Your correspondent has been toil
ing for months past, in compiling a tl
o history of the 3rd La. Infantry, an
h organization that every Louisianiuan i
es justly proud of. With the com
thpletion of his manuscript, he finds f
oth himself without adequate means to
publishr this work, because like thou
sands in the land, his means were
engulfed in the general ruin. The
e price of subscription, $3, for a work 1
of over250 pages, will be a small tax th
is, on individuals and every one is inter. j
to ested in perpetuating the name and f
fame of that gallant organization. ti
HIe trusts his appeal will be met
a. with promptness and in a spirit ofl
ad true liberality. Excuse the intrusion
d of this appeal in this letter. Your
II paper comes as a visitor, occasionally, th
v. and is always warmly welcomed. t
of Friend Duplcix, allow me to thank i
s. you for your kind remembrance of
is your former corresponldent. gr
a W. H. TUNNARD.
e-** -- - de
1- A meeting of the Citizens, of the is
r- Parish of Natchitoches is requested ie
it to be held at the Court House, in mc
1 the Town of Natchitoches, on It
r. SATURDAY, 9th day of June next, un
a at 4 o'clock P. M., for the purpose of ha,
a appointing a sub-committee, for the ere
I, purpose of aiding the New Orleans foe
f Committee appointed at the Lyceum gel
Hall meeting held on the 9th May, to ing
-devise measures for removing the fell
. body of the late Gov. Allen to Lou- nan
e. 1Especially writtenu for the Natchitoches Times
BY STANNIE LEE.
s Far away on the banks if the iright Potom
Sac, a dreadful battle was being wagedl. ,111rd
t !the damthlss Lee heis rallied his forces to bii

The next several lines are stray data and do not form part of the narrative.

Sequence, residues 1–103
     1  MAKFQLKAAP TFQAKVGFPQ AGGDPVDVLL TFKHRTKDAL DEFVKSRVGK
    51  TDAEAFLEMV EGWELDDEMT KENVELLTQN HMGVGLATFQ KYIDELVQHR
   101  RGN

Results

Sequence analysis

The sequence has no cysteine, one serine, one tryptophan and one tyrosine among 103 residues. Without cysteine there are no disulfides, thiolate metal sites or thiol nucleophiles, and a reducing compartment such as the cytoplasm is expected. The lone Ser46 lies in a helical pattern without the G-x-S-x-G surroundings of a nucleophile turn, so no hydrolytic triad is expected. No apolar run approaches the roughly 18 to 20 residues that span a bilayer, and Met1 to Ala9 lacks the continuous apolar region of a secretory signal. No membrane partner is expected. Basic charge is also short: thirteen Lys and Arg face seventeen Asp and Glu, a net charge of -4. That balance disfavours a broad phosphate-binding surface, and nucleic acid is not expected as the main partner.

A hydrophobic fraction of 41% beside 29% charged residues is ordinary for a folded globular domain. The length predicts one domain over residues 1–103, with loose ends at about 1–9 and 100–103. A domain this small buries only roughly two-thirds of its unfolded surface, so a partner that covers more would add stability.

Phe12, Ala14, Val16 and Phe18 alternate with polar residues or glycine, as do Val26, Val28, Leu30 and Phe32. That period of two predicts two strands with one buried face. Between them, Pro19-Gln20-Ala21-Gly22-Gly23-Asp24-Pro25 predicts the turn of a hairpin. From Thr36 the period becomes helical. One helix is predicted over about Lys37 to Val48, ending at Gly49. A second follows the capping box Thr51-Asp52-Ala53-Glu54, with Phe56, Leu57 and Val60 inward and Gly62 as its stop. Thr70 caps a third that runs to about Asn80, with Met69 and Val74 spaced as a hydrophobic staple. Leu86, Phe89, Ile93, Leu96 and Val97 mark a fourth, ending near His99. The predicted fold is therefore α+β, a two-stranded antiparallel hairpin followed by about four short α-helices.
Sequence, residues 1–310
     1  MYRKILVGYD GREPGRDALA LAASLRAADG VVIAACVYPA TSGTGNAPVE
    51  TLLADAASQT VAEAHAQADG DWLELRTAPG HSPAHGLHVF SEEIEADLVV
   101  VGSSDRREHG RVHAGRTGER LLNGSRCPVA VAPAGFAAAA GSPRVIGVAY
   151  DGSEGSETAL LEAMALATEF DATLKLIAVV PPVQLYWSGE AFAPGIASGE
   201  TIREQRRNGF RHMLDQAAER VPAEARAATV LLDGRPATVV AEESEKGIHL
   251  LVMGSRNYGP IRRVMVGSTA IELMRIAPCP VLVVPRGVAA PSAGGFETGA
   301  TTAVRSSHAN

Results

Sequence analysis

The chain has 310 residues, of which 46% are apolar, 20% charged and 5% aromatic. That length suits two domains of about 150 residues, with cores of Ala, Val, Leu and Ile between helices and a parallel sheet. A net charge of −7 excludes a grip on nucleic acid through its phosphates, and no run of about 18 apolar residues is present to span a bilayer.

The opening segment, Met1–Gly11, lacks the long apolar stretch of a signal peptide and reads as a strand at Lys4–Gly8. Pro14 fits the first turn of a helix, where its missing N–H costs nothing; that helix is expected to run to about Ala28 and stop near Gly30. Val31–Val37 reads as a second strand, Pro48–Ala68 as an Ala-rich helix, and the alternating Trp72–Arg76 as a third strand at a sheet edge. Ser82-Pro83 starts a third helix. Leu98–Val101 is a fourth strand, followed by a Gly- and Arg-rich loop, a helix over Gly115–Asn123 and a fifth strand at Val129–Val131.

felitance to the''Federal army. As fhr as the
eye c"thl t rach wtcr scwll solid columns lof
re Lnited States Inutntry, whol ,e blue unfitbrnms
re ind glittering bayonet= he.id a striking pie
tire. With martial inuic floating artouind
ir- hct.and thrilling every scene with its inspir
ing souind and with the "Star-spangled banner'
waving above them. () nward they uarchetl, to
ar where the small but devoted Ibind dof. Southern
l) patriots awaited their mining like the rock upon
the short, awaits the ocean waves. Still on
' wan;l that moving mrss of living matter cane
d till at hast, the tuo opposing firees met. When
Scomnmenecd a scene that bafflles deserittion.
For who can justly descri te a battle W'Vhat
.pen can bring I lure the view, the af thl ,1rarnd
S, 'ur that hoversarot und the lieid, where thous
l- andls. thousalnds lnct ibr the s.le purpose of
[n shedding each others blood? There is some
thing too thrilling, too soul-stirring, to ever be
transmittedl to paper.
S A few minutes ere the battle began, 'Lee
Sthus addrtsed his soldiers ; *Soldiers of the
, glorious south" cried he, '"now is the time auntil
now the hour to strike for your native lhtid.